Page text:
The present project investigates the relationship between the psychological distance to a target object and the level of amodality of the representations involved. In particular, the project will test the hypothesis that representations of proximal entities (entities close in space and time) are more modal and representations of distal entities are more amodal. This hypothesis of a distance-dependent representation will be examined in three work packages, whereby each package employs a different task, namely language comprehension, object recognition, and spatial navigation. In each case, we will manipulate the spatial distance (within or beyond grasping space, within or beyond pedestrian walking distance) as well as the temporal distance within or beyond some window of immediateness.
The present project investigates representations along the modal-to-amodal continuum from an ontogenetic perspective. The developing cognitive system might initially have only modal representations available with amodal representations emerging via a process of abstraction, or it might have access to rudimentary amodal representations from early on. This project will investigate the evidence for the two trajectories within three domains of cognition – sensorimotor-language interactions, magnitude estimation, and executive control processes. Therewith, this proposal will improve the understanding on how representational formats develop.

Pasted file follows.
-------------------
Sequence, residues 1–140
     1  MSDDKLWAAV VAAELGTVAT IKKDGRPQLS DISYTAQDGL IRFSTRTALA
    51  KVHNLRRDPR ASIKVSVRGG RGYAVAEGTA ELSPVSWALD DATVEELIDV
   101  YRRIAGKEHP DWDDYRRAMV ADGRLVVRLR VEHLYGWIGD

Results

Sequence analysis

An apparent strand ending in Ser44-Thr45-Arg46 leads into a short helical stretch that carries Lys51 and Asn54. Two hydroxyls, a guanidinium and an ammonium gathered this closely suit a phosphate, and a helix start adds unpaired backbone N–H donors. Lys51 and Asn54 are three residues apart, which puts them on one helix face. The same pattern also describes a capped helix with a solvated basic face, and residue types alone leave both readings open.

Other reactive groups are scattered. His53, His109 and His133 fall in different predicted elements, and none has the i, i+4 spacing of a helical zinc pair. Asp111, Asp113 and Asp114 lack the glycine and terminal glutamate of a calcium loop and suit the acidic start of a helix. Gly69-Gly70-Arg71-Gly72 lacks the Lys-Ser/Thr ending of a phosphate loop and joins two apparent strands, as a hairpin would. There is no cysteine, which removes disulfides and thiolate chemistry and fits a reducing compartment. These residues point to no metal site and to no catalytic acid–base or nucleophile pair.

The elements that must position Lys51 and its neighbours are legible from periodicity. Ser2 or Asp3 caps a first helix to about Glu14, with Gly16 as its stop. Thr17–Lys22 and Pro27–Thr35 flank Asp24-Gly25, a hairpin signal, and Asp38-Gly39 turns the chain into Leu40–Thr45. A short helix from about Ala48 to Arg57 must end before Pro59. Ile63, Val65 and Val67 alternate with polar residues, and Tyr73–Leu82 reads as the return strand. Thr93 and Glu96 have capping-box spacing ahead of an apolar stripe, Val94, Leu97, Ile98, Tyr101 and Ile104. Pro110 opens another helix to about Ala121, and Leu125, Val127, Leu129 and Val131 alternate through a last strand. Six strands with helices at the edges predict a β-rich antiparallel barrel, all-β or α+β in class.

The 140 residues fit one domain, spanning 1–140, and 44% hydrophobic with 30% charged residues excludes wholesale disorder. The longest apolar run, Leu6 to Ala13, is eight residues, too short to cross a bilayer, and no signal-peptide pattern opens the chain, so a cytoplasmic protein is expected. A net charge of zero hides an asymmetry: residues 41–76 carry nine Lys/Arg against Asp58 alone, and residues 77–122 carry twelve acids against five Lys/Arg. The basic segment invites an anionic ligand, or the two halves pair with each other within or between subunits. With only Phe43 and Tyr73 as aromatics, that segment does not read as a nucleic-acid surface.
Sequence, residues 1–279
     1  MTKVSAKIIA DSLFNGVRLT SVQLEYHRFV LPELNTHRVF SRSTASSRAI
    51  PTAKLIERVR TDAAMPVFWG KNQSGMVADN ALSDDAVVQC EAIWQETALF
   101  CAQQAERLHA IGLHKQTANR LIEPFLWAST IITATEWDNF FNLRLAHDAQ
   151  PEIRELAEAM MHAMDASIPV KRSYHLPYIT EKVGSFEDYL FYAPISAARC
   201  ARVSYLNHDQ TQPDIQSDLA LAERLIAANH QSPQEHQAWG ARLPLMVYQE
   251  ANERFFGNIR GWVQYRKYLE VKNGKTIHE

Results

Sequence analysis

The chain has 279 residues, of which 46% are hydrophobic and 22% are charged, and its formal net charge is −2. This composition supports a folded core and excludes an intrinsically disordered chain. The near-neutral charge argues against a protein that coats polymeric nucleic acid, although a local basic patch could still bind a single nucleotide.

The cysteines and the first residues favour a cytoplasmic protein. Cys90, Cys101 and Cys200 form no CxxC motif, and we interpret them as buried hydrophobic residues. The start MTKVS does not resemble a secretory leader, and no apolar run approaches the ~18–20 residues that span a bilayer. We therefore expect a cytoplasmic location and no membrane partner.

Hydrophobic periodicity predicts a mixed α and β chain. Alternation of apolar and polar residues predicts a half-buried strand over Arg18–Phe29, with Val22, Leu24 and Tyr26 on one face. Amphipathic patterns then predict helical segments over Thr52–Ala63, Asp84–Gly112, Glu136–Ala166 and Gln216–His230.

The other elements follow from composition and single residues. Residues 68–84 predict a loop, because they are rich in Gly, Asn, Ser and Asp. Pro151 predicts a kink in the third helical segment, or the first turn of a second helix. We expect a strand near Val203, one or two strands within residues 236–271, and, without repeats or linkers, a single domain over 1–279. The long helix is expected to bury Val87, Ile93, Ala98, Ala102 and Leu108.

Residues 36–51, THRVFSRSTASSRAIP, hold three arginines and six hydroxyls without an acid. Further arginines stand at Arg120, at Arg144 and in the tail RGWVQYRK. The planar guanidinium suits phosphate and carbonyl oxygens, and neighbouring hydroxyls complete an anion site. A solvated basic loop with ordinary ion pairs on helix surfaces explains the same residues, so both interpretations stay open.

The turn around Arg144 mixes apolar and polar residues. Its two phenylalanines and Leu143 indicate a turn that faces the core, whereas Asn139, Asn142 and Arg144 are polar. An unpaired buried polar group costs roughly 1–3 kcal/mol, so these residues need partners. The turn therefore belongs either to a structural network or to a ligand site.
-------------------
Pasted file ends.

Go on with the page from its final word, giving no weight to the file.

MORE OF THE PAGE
Uncontrolled eating is assumed to be determined by both an elevated activation and an insufficient inhibition of food-related stimuli. To date it is unknown which cognitive mechanisms and representations underlie these two behavioral tendencies. In the present proposal we investigate the hypothesis that eating behavior is driven by low-level, modal associations between sensory features of food stimuli and approach tendencies. In particular, we will examine whether elevated activation and insufficient inhibition of food-related stimuli in overweight and obese individuals is particularly strong when stimuli are presented in a pictorial format that presumably gives rise to more modal as compared to more amodal representations. Knowing more about the type of food-related representations underlying uncontrolled eating will also allow the development of effective intervention programs.